Who Works in the App-Based Gig Economy? 5 New Findings

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The Bureau of Labor Statistics has recently begun studying the gig economy. Here are 5 surprising facts about gig workers.

The US Bureau of Labor Statistics (BLS) released new research today on the makeup of the rising gig economy. The government agency has recently begun studying the gig economy, which it refers to as the contingent workforce. Today, they added new research on workers who participate in the tech-enabled gig economy through services and apps such as Uber, Lyft, TaskRabbit or Amazon’s Mechanical Turk.

The BLS, which refers to the workers who perform work through these tech services as “electronically mediated work,” states that there were 1.6 million of these workers during the time of the survey (May 2017). That accounts for 1% of total employment in the US.

But the size of the workforce using these apps wasn’t the only aspect the BLS examined. It also looked at the scope of these 1.6 million workers, including demographics, industries, and employment status.

Here are some of the most notable findings from the BLS report.

Slightly more of the work is done in-person than online

Of the workers that used app services to find or conduct work, approximately 990,000 did the work in-person. By comparison, 701,000 performed the work entirely online.

For gig workers using apps like Lyft or TaskRabbit, this is likely not surprising. Much of the apps connect services online, but the jobs that need to be done are often completed on the ground. That said, a substantial portion of the work is completed without having to be in-person.

This breakdown is consistent across all age groups. However, those workers between the ages of 25 and 54 were more likely to perform work done entirely online.

Self-employed workers are more likely to use electronically mediated work

Self-employed workers were more likely to participate in these app services. According to the BLS, 4% of those classified as doing electronically mediated work were self-employed while 1% were wage or salary workers.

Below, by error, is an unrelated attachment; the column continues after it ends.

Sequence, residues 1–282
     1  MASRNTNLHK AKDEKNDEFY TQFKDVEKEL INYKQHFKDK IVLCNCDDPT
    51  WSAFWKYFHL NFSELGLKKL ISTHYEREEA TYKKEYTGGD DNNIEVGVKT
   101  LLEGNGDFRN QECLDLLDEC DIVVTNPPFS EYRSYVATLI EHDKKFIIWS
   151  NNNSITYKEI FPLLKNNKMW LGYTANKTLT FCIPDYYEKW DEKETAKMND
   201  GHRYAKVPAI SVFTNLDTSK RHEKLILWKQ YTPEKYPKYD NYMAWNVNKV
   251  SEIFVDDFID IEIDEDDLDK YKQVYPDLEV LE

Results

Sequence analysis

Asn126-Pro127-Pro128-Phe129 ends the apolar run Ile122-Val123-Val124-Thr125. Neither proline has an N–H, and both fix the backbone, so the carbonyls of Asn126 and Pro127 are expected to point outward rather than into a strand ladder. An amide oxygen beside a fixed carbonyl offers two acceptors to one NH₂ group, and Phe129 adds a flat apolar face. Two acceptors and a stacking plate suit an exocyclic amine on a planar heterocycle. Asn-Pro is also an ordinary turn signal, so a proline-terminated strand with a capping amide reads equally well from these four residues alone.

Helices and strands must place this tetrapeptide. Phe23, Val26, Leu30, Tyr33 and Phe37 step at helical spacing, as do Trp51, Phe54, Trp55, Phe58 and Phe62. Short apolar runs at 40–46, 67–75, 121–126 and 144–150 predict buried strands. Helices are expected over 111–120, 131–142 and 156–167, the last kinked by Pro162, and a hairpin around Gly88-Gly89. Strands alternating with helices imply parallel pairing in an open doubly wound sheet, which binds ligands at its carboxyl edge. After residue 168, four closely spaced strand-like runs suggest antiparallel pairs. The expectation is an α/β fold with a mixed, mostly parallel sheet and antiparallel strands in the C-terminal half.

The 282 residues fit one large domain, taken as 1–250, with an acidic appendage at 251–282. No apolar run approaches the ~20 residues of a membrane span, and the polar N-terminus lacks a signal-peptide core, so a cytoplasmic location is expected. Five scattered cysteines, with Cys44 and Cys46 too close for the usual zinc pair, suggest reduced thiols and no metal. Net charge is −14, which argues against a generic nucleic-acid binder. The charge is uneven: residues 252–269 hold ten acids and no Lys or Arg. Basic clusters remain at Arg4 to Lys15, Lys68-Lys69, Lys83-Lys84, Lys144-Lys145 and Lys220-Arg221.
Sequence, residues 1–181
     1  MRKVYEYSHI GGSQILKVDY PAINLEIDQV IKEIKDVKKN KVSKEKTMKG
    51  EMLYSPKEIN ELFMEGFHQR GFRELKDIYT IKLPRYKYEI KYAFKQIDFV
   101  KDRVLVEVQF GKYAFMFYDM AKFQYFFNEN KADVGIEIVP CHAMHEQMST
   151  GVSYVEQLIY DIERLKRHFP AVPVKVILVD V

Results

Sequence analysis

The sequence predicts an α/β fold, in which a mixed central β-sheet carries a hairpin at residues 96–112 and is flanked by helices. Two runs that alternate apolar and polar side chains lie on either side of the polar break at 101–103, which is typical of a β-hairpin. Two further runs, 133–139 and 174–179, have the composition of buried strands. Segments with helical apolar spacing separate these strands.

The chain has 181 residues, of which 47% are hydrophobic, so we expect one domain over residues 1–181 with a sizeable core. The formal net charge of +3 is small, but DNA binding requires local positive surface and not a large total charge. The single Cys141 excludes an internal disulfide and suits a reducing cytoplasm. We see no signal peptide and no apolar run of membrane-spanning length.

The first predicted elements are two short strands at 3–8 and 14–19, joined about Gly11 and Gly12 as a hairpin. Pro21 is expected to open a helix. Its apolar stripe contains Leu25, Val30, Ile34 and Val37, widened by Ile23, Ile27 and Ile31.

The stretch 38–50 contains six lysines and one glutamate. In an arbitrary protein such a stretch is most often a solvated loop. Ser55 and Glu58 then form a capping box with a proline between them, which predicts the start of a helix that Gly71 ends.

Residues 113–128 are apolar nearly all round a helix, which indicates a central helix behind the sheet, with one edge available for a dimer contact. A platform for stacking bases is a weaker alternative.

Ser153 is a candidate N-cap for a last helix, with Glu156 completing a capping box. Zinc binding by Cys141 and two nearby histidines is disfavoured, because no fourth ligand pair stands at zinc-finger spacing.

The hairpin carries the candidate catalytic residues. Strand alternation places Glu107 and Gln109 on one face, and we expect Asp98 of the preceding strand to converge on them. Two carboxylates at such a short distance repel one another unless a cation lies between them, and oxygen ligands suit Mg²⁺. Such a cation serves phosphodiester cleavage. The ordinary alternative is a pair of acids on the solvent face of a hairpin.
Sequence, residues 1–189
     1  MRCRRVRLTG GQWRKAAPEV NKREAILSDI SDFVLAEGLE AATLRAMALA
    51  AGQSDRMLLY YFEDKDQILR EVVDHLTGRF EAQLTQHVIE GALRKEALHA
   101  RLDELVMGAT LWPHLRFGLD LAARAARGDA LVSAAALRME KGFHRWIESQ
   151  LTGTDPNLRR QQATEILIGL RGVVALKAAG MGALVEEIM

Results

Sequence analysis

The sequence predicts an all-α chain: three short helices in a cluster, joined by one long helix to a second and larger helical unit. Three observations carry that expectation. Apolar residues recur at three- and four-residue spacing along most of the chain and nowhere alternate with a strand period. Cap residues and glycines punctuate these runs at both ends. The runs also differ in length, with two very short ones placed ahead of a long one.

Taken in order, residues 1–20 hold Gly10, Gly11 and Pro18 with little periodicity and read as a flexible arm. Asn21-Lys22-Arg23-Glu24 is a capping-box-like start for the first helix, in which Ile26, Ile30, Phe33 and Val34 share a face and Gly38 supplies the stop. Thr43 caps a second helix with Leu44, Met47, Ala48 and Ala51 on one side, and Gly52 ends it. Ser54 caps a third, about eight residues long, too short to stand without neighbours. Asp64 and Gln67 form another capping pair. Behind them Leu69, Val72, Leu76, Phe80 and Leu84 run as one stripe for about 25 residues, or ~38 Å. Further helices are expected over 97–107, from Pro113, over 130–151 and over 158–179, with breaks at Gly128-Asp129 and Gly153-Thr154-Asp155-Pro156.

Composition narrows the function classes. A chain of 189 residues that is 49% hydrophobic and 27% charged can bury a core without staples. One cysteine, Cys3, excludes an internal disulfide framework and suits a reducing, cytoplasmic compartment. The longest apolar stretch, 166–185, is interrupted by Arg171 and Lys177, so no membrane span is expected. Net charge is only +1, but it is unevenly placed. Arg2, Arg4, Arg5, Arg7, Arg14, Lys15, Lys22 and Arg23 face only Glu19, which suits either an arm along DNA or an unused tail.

More part-time workers are participating

While more workers were classified as full-time (35 hours or more) rather part part-time, represented in the data as 72% to 28% respectively, the BLS found that part-time workers are generally more likely to be using these tech-enabled services.

Work done entirely online drives up the education attainment

Compared with workers overall, those 25-years or older using these app services to perform work were more likely to have bachelor’s degrees or higher. The BLS notes that this is driven by the number of those workers performing entirely online. 67% of those doing that work entirely online had a bachelor’s degree or higher.

Top industries were professional services, transportation

Approximately 499,000 of the workers using the electronically mediated services were classified as professional and business services. Meanwhile, approximately 351,000 were classified under transportation and utilities.

Importantly, as a percentage of total employment, those in the transportation and utilities industry were the most likely to participate in these app-based gig services at 5%.While the data is still high level, it sheds some light on where and how the gig economy is expanding and impacting specific industries. We’ll likely have to wait longer for more information to emerge from the BLS. The agency notes that it “currently don’t have plans to collect information on electronically mediated work again.”

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